A close-up look at emotional stress in dogs — and how our own stress contributes to theirs.
None of us is a stranger to stress. It affects many levels of our lives, and it also affects our dogs. Generally, the human and animal body is influenced by three types of stress: chemical (pesticides, medications, vaccinations, by-products of normal metabolism), physical (injuries, exercise), and emotional (thoughts, perceptions, experiences). This first of this two-part article will focus on the emotional aspect of stress, and how our own stress affects our dogs.
What exactly is stress?
Stress is defined as state of mental or emotional strain or tension resulting from adverse or very demanding circumstances. It’s the emotion we feel in response to something that occurred outside of ourselves. This feeling or emotion is intimately involved with the basic biological instinct for survival. Physiologically, this is represented by the “fight or flight” mechanism, an elegant built-in biophysiological design that is instantaneous and automatic and involves a precise orchestration of events.
Although this mechanism is designed to protect us, times have changed, and nowadays many real threats have turned into perceived threats, which means most of our fears are coming from internal sources.
The anatomy of stress
It helps to understand stress if we understand the anatomical structures that play a part in it. Because the stress response is a primitive survival mechanism, all mammals have it, including dogs and humans. Regardless of species, the structures in our bodies that regulate how we respond or react to stress are the same.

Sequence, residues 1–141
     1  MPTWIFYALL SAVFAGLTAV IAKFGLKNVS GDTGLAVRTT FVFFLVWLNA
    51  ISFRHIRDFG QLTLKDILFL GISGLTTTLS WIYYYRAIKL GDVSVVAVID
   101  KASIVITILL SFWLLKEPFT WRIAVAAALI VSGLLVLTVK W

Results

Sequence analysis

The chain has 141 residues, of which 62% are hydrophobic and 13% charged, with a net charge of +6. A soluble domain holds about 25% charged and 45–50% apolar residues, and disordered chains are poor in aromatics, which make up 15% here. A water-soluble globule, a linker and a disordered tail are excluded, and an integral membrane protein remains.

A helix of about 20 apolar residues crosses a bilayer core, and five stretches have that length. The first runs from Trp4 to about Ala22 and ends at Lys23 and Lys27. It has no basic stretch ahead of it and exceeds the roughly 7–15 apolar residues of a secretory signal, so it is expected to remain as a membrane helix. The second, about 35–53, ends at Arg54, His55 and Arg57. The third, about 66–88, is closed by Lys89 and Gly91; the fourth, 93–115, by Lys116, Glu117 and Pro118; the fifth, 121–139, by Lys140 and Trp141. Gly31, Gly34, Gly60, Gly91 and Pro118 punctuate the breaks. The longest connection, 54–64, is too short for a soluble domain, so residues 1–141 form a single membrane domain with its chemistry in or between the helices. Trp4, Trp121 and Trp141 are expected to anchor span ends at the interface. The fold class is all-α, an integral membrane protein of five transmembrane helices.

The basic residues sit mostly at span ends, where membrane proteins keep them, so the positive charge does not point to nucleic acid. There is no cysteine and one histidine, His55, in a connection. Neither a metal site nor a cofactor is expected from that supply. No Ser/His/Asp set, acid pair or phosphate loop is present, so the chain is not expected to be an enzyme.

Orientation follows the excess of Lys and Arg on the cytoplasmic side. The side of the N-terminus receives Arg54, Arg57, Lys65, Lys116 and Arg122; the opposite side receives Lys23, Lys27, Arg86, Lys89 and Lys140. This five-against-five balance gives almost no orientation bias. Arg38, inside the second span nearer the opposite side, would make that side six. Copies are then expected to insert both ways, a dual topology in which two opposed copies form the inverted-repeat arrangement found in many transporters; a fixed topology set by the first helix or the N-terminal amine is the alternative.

The major players in the stress response are:
- Limbic system (or emotional center) in the brain, made up of the thalamus, hypothalamus, hippocampus and amygdala (see sidebar)
- Adrenal glands
- Sympathetic branch of the autonomic nervous system.
These systems work together to help ensure survival by dilating the pupils to let in light for better eyesight; increasing the heart rate to pump more blood to muscles used for running and fighting; increasing respiration to get more oxygen to the tissues; and inhibiting or shutting down the higher thinking areas of the brain. Moments of survival are not a time to think, ponder, plan, or rationalize – they are a time to act!
This reaction is highly appropriate when needed. However, the fight or flight system was designed to be short-lived. Long-term stress responses have been implicated as the underlying causes of multitudes of health conditions.
How this relates to dogs
Wild animals use this system innately to hunt, escape or fight a predator, or fight each other in a battle of dominance to establish order and breeding rights. After the “episode”, the animal goes back to resting, sleeping, feeding, or whatever he was doing before the stressful event. The body resets.
But times have changed for our dogs as well as for us. They have become an integral part of human life and the families they live with. Most dogs don’t need to hunt for food or fight for breeding rights, and they rarely need to defend themselves against predators. In other words, their food is delivered, they sleep in comfy beds, and are sheltered from impending threats.
Like us, dogs need a sense of purpose or self-worth. Subtle psychological attributes like self-worth may be debatable in canines, but if you’ve ever been in the presence of a police dog or other “working” dog, and watched him in action, you can see and feel the pride he takes in doing a good job.